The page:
BodyLogos Blog

Love: from a concept to a feeling

Fred with cone and bandaged left talon.

Have you ever experienced love as a concept?

You know you’re loved. You feel gratitude, inclusion, even safety, by being in the inner circle of people’s lives.

But you feel like you don’t really belong anywhere specific. You’re a free spirit who dances with the wind.

As a single, solopreneur, woman who rides a motorcycle, I’m alone a lot. My family are four-legged and winged-ones. Even the wild NYC birds congregate and nest on my terrace.

It’s no wonder that when my 25-year-old conure––the smallest of the parrot world––got badly hurt, my free spirit crumbled to the ground in a heap of uncontrollable tears. We have shared a life for 20-years.

O my Goodness, life without my little man––Fred––felt too barren to bear. Please stop bleeding! Please don’t leave me! Please LIVE!!

My heart felt like it was being squeezed in a fist. My mind couldn’t wrap itself around how to text the vet tech (as instructed) when I arrived at the hospital doors. And, having to pass him over to a stranger on the sidewalk, because Covid prevented me from going inside, left me standing in the rain with tears streaming down my cheeks.

I tried to busy myself with work, but could hardly speak. Tears were all I had to share. My heart ached with a depth of love I hadn’t let myself fully know… until it was breaking open.

I didn’t see him again for nine hours. At 8pm I picked him up with his head in a plastic cone and his talon bandaged up making him lopsided and toppling over.

Manic, he went from spinning on the floor of his cage wrestling with the cone––unable to climb to his perches or food bowls––to collapsing with his head leaning sideways on the cone passed out.

There were times that the vet’s words, “It’s pretty bad,” echoed in my head, as I desperately tried to will him well.

Between my tasks he’d scramble to the edge of his cage to be held. Our cuddle time eased both our hearts. We’d take deep breaths together and purr like the kitties at my feet watching with wide-eyed concern.

Fred is my little man. A bird-man who has taught me of trust, loyalty, commitment, play, and most of all, love. He has melted a frozen part of my heart. The part of my heart that has been petrified to let love in again.

Well, I finally FEEL love again. It’s not a mental concept, it’s an emotional fierceness. It tugs relentlessly at my insides, until it’s quenched with touch on the outside.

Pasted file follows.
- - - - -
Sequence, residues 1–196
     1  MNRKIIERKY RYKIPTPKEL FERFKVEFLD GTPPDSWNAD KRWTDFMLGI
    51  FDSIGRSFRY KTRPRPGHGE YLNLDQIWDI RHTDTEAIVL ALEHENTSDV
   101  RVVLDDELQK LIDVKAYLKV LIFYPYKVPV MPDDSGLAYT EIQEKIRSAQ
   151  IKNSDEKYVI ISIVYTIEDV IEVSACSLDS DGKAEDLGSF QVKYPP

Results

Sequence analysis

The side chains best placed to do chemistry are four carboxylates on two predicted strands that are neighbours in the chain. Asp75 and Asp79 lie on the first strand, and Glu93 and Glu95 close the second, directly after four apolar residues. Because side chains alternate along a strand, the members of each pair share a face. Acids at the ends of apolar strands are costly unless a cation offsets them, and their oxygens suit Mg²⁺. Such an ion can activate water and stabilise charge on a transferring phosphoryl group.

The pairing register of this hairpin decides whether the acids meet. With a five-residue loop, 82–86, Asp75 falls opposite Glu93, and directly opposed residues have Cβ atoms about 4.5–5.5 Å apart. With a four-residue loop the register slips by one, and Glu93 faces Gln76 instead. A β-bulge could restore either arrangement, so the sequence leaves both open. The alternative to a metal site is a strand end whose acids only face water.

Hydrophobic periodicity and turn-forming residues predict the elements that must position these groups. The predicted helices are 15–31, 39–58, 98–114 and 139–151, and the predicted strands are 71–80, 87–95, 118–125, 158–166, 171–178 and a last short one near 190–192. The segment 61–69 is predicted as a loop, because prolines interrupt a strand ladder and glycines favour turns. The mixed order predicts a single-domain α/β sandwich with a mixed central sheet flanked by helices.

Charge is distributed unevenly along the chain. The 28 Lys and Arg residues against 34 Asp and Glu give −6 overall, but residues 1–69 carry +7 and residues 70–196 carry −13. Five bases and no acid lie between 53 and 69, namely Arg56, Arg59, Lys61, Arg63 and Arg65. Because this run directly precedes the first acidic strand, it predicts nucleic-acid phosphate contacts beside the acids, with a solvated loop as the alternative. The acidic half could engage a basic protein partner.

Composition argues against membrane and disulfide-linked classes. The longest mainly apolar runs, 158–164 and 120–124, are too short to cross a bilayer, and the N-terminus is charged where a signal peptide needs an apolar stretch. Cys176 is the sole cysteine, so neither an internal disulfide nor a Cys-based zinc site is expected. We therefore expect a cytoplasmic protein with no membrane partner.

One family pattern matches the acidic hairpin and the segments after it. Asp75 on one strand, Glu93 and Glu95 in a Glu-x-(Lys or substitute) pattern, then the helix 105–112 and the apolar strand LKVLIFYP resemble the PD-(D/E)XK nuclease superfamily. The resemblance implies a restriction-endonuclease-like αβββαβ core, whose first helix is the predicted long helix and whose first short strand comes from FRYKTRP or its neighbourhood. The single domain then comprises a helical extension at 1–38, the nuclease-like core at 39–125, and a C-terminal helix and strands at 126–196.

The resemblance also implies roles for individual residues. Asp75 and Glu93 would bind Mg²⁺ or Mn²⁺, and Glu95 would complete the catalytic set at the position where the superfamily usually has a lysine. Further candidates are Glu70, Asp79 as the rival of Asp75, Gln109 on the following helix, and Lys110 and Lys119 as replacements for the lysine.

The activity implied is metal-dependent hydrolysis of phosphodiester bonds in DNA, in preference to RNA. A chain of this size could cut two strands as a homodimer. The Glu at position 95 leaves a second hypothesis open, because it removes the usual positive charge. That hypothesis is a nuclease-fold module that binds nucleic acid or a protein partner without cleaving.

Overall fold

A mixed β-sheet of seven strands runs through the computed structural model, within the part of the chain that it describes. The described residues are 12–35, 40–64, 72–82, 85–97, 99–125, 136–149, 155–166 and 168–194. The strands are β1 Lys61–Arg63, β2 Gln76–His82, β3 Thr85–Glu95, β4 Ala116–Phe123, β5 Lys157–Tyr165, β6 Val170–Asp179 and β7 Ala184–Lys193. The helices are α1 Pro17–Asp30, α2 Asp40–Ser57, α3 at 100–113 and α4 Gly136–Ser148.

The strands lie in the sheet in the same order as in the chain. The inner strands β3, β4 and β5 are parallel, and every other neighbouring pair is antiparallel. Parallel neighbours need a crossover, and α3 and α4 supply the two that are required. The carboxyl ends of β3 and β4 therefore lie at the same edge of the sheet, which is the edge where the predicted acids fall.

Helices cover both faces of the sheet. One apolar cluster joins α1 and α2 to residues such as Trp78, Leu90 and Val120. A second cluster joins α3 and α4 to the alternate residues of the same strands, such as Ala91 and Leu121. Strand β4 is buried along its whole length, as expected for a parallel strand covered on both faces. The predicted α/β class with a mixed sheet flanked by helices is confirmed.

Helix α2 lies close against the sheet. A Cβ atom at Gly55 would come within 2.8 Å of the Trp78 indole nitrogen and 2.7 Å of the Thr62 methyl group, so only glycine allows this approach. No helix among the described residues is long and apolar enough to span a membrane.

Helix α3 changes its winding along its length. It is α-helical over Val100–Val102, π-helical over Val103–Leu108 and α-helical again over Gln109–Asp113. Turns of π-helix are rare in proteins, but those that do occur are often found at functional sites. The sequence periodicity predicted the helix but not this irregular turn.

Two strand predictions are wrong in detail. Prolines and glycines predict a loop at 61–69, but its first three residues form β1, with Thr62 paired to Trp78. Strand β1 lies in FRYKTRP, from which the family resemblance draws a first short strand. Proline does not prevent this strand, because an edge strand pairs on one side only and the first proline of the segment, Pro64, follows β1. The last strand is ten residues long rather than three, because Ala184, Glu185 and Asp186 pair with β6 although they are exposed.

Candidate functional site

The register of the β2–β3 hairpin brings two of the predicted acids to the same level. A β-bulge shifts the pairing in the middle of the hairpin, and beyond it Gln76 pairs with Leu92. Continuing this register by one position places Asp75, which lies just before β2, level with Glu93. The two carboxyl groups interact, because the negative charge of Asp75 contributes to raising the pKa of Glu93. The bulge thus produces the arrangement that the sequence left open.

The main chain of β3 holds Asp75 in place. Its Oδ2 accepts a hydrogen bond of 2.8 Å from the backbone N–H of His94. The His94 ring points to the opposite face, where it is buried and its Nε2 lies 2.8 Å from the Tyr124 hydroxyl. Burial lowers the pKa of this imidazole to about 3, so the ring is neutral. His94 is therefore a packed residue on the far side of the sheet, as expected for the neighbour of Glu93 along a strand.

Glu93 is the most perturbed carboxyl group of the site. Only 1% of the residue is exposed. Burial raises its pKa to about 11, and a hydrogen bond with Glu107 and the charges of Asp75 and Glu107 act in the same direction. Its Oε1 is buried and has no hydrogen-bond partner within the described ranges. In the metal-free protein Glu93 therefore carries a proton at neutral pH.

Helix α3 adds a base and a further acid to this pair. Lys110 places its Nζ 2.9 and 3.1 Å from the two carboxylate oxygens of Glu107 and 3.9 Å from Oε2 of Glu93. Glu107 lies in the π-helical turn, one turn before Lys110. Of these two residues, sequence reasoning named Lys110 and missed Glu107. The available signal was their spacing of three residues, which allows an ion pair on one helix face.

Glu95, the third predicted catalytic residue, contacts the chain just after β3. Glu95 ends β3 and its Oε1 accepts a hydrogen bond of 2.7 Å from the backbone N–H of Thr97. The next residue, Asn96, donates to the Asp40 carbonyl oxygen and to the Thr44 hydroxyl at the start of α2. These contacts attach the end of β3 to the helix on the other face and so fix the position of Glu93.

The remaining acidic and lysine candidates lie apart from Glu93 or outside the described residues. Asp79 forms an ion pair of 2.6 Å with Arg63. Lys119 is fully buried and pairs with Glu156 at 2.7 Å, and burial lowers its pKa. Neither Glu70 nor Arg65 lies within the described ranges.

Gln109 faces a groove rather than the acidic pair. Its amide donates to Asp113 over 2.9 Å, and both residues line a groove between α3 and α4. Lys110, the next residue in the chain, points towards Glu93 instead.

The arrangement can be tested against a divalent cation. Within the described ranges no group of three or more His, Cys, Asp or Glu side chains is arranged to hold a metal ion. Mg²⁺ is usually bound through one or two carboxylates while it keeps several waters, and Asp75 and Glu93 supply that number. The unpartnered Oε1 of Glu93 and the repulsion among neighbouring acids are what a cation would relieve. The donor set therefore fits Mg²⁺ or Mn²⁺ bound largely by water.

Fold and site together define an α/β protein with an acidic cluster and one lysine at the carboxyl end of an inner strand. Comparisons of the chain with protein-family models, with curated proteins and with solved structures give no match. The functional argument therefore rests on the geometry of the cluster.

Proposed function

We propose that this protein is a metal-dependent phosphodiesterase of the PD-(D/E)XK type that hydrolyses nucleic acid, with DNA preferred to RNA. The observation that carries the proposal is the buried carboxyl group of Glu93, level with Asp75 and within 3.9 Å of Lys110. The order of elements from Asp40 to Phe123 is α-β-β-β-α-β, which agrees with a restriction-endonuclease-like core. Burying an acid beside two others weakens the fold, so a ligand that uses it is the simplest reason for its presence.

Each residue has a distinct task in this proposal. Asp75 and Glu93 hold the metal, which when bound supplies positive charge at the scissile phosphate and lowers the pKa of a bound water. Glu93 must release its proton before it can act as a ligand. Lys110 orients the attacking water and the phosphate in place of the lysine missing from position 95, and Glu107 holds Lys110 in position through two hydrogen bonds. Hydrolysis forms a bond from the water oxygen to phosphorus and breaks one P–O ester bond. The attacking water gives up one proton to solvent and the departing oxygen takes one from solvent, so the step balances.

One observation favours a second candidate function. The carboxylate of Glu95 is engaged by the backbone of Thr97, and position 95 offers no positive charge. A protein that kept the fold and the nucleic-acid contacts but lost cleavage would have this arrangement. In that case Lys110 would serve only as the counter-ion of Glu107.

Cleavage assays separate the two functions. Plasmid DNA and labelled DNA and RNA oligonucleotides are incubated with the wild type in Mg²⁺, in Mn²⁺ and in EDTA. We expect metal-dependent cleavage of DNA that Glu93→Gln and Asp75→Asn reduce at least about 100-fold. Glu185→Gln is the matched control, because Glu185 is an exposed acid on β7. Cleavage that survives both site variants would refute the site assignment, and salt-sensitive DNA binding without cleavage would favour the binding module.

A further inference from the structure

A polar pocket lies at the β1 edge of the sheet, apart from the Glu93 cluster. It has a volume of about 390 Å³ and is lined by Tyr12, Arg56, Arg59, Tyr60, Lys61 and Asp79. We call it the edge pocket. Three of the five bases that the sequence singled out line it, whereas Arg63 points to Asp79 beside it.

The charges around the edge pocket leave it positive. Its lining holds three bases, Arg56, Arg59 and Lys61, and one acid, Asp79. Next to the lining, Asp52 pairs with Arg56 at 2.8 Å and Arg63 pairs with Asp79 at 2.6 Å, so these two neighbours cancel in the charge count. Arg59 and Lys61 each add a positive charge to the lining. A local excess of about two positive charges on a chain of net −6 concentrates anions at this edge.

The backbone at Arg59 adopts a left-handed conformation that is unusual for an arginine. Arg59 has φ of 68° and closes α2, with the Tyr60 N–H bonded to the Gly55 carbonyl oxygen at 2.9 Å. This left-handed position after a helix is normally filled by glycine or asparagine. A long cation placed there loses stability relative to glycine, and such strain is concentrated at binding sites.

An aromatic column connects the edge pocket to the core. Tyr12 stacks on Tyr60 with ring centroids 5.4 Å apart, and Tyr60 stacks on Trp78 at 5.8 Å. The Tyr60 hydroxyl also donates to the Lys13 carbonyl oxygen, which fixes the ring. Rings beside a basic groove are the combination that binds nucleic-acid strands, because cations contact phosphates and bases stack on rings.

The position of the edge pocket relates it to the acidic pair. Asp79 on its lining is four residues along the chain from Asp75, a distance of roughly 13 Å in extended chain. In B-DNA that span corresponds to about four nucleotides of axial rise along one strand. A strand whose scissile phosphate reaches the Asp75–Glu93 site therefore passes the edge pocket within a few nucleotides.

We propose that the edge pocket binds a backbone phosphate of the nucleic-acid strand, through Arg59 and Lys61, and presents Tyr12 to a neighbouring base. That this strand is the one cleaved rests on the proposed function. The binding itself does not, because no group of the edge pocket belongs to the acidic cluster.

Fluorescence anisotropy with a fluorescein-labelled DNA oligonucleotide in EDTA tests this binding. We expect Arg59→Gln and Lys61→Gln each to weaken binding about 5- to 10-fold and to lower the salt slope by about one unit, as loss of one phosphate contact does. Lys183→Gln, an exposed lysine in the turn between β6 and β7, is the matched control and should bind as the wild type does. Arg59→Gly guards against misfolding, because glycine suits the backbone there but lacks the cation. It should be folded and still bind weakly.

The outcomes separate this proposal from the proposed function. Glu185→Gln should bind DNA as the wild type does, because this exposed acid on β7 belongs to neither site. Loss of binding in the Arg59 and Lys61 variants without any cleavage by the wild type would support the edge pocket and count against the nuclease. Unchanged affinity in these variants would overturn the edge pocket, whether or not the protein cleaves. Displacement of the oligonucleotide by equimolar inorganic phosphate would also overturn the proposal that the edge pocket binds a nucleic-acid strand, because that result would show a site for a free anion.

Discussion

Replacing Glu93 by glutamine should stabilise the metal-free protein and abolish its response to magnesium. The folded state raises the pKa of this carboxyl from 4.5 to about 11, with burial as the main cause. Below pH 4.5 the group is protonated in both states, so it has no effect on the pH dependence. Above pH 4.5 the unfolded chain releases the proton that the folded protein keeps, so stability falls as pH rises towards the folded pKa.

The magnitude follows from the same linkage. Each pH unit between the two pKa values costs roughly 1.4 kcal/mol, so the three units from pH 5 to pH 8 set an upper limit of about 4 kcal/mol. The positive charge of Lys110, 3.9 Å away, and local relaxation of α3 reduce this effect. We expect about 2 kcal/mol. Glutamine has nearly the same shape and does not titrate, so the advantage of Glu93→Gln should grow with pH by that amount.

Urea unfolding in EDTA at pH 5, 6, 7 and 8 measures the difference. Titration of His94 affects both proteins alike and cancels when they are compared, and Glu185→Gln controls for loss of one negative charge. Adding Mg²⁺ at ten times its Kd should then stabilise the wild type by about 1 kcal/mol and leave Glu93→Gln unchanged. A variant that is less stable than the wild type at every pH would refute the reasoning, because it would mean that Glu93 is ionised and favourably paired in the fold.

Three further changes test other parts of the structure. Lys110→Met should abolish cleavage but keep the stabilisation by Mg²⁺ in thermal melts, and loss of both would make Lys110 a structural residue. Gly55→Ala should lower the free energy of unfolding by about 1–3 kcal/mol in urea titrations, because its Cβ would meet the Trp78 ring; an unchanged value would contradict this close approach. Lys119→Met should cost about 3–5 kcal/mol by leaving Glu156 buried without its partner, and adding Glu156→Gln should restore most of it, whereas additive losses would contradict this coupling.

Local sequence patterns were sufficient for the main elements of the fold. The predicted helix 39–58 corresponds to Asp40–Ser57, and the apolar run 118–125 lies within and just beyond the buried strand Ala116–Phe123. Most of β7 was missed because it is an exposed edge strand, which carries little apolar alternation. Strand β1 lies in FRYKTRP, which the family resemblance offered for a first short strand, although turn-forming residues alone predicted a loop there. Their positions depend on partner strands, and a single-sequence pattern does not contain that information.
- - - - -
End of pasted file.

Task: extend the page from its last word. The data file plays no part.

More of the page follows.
Fred lives and love prevails.

Never get too busy for cuddle time. It offers belonging. Love your animal.

(Perhaps now, there’s even room for a trustworthy, loyal, committed, playful, tall, dark and handsome two-legged?!)

Please Comment Below!

Woman Lying Supine

Find Your Natural Posture

While learning posture’s subtle balance between…
Dog with questioning head cock

Selfishness is a Good Practice

I sat on the arm of a client’s couch while she took a phone…
Tammy speaks about the Power of Posture

Fitness For Living

  You workout, yet you still feel worn out by life.…

Welcome to the BodyLogos blog. Here’s where you’ll get your dose of alignment and balance with grace. (Want to get it by email? Sign up here.)

Redefining Strength

I want to change our perception of strength. Strength is the ability to meet resistance and influence an outcome without compromising ourselves. And we already have it.

Strength is not an attribute; it’s a state of being. Gladiators, bodybuilders, and football players demonstrate strength through brute force, sheer willpower, muscle mass, and relentless pursuit. But we’re also quick to identify dancers and martial artists as strong. Their medium taps into a sense of vulnerability, balance, alignment, controlled power, and grace—but no one can deny their strength. Strength may look different on each of us, but it is an inherent part of who we are.

You are not weak by nature; you are stronger than you think. Your strength is not something you need to kill yourself to gain—it is already within you, waiting to be excavated. The key is to stop chasing something you already have and tap into it, so you can manifest that strength in your everyday life.

Because we don’t think we’re strong, we approach resistance with the idea that we’re not enough. We throw everything we have at it and push past our physical, mental, and emotional limitations. We see strength as domination, but it’s not.

When you learn to listen to your body’s divine wisdom, you cultivate a sense of where your body is developing tension instead of standing in its strength. You end the vicious cycle of unrealistic expectations, injury, and self-criticism and learn how to consciously embrace responsible growth. You stop compartmentalizing your strength into emotional, physical, and mental pieces and operate from the strength of your being at all times.

You learn how to align yourself with gravity—instead of working against it—so you can channel your strength to meet life’s resistance. As you meet resistance with equal parts power and alignment, you transform tension into strength

As in the sword dance above, the power lies in bringing just the right amount of force—not too little and not too much. By meeting the sword’s weight, I meet gravity. I am tapped into a larger source of energy, free of tension, and discover a strength that is wholly and uniquely mine.

About Tammy Wise

Tammy Wise is a widely respected mind-body fitness expert based out of New York City, owner of BodyLogos, Inc. author of The Art of Strength: Sculpt the Body ~ Train the Mind. A former Broadway dancer turned Tao minister, Tammy was voted the Best of Fitness by Time Out New York and has appeared in Martha Stewart’s Whole Living magazine, New York Magazine, Natural Health, Shape, and Thrive Global. She’s a Transformational Authors Contest Winner and regular contributor to Honeysuckle magazine and Medium. Visit her at